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San Antonio (Silver) Stars - WNBA Prestige Rank

San Antonio (Silver) Stars – WNBA Prestige Rank

Editor’s Note: In 2019, Nothing But Nylon created Prestige Rankings, a system designed to display the very best and very worst teams any basketball league has had to offer over history. Using points based upon various accomplishments or failures, we have ranked every WNBA team in multiple ways to show you who has truly run the show since 1997. We’re examining the defunct teams, currently the San Antonio (Silver) Stars, but take a look at all of the criteria to get a good idea of how things work.

San Antonio (Silver) Stars

Years Active: 2003-2017

Prestige Score: 21.9

Prestige Rank: 16/23

Hughes didn’t end his San Antonio career with a winning record, but with his tenure and accomplishments, he is the winningest coach the team ever had.

The Silver Stars went through three head coaches from when the team moved from Utah to San Antonio in 2003 to when it hired Hughes in 2005. It was a rough first two seasons in Texas for the franchise, going 21-47 without a postseason appearance.

Hughes didn’t immediately turn the team around. In his first season, the Silver Stars went 7-27, and improved slightly but not by much in 2006 at 13-21. But in his third year, Hughes helped lead the team to its first playoff showing after moving and the first for the franchise since 2002. As the No. 2 seed in the West, the Silver Stars advanced to the Western Conference Finals before bowing out.

In 2008, Hughes had the team in its first-ever WNBA Finals after earning the best regular season record in the league, also the first time he had come so close to a WNBA title. The team returned to the playoffs in 2009 but failed to escape the Western Conference Semifinals.

The coach stepped down before the 2010 season to focus on his other position as the team’s general manager, with Sandy Brondello replacing him for the campaign, but he resumed head coaching for the 2011 campaign. In his first two years back, Hughes had San Antonio in the playoffs both times, extending its postseason streak to six seasons in a row, but failed to win a series either time.

The Silver Stars missed the playoffs in 2013 with a 12-22 record but Hughes had them back in 2014, this time as the Stars, again losing in the first round. It would be the final postseason showing the team would experience.

The team finished last in the league in 2015 and 2016, and after a 7-27 mark to end the 2016 campaign, Hughes stepped down as San Antonio’s head coach and general manager, concluding more than a decade of work with the team.

  In his 398 total games as San Antonio’s head coach, Hughes was 169-229 (8-16 in the playoffs) with one WNBA Finals appearance, two Western Conference Finals showings and six postseasons.

After leaving San Antonio, Hughes became the head coach of the Seattle Storm in 2018 and led the team to a championship that same season, the first of his career. He is in his second year at the helm in Seattle.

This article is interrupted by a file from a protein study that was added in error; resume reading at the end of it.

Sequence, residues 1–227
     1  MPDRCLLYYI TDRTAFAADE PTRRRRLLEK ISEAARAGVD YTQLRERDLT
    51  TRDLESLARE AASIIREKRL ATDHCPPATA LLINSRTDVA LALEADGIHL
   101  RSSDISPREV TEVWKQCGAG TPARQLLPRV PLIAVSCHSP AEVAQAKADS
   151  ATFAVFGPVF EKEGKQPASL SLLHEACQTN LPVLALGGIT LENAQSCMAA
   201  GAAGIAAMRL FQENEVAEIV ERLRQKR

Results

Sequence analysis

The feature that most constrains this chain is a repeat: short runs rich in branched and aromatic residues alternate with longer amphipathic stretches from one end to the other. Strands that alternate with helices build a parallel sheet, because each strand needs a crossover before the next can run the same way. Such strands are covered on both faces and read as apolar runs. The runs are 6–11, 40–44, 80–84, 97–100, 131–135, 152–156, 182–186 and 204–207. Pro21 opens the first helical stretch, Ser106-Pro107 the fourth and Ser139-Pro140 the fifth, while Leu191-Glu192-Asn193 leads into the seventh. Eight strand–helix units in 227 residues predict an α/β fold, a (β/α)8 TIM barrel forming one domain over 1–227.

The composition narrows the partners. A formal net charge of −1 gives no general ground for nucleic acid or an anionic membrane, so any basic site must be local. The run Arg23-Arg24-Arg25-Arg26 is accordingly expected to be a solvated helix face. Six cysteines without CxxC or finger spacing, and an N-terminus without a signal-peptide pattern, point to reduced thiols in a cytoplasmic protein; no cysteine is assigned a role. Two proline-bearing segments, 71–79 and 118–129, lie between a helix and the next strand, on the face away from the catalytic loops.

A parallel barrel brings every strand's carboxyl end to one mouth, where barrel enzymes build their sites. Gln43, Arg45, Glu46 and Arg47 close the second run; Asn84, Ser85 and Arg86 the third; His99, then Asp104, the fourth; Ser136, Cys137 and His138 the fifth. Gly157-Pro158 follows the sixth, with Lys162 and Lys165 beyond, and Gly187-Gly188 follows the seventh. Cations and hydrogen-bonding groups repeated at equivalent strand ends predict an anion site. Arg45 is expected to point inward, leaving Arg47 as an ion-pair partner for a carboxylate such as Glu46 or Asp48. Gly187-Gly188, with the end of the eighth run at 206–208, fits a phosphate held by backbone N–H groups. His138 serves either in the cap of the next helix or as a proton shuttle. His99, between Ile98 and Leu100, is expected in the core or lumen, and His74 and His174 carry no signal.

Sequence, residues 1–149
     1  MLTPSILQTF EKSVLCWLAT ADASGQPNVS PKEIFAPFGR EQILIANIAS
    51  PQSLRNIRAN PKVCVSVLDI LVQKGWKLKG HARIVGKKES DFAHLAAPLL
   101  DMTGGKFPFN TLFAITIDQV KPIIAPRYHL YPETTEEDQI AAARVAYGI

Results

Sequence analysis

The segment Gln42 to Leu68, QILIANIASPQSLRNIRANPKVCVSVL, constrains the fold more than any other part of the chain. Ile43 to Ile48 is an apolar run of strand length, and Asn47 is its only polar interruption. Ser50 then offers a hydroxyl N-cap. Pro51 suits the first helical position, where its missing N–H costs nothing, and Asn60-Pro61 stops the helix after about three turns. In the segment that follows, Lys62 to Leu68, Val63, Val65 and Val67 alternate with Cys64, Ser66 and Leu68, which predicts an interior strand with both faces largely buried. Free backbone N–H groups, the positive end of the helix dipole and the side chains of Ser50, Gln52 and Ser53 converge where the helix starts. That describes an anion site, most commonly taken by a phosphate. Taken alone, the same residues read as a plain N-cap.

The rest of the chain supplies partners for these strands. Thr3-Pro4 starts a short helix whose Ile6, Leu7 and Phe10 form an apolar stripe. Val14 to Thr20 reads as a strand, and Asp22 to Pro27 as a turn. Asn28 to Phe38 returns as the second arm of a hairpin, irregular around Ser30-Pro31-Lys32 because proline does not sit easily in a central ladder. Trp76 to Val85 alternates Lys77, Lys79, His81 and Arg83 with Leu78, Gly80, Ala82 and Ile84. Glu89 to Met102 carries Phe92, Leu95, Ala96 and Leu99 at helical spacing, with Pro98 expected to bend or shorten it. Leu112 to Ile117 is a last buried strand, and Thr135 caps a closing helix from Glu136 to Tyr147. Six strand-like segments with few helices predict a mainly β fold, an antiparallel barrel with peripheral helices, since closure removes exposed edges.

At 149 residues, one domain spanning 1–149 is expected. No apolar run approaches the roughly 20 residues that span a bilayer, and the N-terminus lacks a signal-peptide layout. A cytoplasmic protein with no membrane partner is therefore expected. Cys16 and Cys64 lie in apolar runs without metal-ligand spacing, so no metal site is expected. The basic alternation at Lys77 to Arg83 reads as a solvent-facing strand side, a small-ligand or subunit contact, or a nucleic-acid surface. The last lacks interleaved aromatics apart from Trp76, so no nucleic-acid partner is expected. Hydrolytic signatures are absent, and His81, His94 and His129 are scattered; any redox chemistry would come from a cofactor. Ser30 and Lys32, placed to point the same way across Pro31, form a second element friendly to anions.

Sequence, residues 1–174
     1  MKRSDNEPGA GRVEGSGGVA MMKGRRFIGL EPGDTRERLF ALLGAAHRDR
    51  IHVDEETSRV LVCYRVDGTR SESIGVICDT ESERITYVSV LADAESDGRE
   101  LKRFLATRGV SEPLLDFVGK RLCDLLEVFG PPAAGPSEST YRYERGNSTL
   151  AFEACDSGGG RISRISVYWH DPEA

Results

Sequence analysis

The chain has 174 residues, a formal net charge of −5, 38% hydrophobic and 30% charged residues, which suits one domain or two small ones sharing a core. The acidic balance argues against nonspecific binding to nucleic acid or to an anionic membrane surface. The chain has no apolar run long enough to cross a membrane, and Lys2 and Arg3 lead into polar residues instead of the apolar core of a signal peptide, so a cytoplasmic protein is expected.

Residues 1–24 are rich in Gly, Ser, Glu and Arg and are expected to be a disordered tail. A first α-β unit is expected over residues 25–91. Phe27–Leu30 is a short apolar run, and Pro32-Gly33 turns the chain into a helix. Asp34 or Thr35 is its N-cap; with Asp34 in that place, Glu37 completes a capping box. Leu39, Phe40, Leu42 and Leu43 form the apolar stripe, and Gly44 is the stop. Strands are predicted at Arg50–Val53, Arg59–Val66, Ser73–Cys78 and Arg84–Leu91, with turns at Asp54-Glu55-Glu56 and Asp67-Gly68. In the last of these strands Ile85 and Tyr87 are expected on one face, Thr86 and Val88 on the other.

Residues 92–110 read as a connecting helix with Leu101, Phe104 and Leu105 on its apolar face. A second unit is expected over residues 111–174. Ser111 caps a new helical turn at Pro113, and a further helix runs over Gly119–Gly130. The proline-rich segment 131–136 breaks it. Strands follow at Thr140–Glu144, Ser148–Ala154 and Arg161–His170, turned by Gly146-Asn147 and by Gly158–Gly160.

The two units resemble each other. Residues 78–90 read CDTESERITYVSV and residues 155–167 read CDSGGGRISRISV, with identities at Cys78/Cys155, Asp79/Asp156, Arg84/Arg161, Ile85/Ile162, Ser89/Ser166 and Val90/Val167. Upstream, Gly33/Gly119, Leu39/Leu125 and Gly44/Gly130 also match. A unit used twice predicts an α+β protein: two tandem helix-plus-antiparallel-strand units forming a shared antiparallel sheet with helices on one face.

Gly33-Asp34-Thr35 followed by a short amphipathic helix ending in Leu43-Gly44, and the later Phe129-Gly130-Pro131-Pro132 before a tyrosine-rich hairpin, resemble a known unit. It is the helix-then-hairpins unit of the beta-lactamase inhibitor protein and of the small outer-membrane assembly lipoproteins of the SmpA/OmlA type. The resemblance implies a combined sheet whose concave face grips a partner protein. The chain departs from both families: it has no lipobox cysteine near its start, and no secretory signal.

Breakdown

The franchise was in San Antonio for 15 seasons. Eleven of those were spent below .500.

This is not good.

The team arrived in the city in 2003 and didn’t finish a reason with positive points until 2007.

In the last three years the Stars were in San Antonio before relocating again and becoming the Las Vegas Aces, the team combined for -42 points with -14 points each season. Only once did the team break triple-digit points for a season in our system, and otherwise its best year was 88 points in 2007.

If not for the WNBA Finals appearance in 2008 and the 214 points from that campaign, San Antonio would find itself even further down this list. In a league where teams have come and gone very quickly, sticking in one city for one-and-a-half decades is significant. But San Antonio did nothing with most of that time, so while the time the franchise spent in the city should be remembered, it wasn’t all that memorable.

San Antonio (Silver) Stars Totals

  • WNBA Championships: 0 |0 points|
  • WNBA Finals Appearances: 1 |60 points|
  • Series Wins: 3 |90 points|
  • Playoffs Wins: 8 |120 points|
  • Playoffs Byes: 0 |0 points)|
  • Playoffs Appearances: 7 |88 points|
  • Regular Season Top Record: 1 |10 points|
  • Above .500 Regular Season: 4 |16 points|
  • All-WNBA Player on Roster: 8 |24 points|
  • MVP on Roster: 0 |0 points|
  • Coach of the Year: 1 |5 points|
  • Regular Season Worst Record: 4 |-40 points|
  • Below .500 Regular Season: 11 |-44 points|

Total points: |329|

Fast Facts

Best Year: 2008

The Silver Stars didn’t get off to the best start, beginning the season 3-4. But from there, the team rattled off five-straight victories, then won seven in a row from late June into July. Another five triumphs to close the regular season gave San Antonio a 24-10 record, the best mark in the league by two games.

In the Western Conference Semifinals, San Antonio faced the No. 4 seed Sacramento Monarchs, a rematch of their first round series in 2007. In Game 1, Becky Hammon had an unforgettable night, putting up 30 points on 9-of-14 shooting, and three other Silver Stars scored in double figures as they took an early series advantage, 85-78. But the Monarchs responded in Game 2 as Crystal Kelly, Nicole Powell, Ticha Penicheiro and Adrian Williams-Strong combined for 59 points as Sacramento tied the series, 84-67. The top seed had the last laugh, though, in an 86-81 win behind 27 points via Sophia Young-Malcolm and 13 important points from Edwige Lawson-Wade off the bench.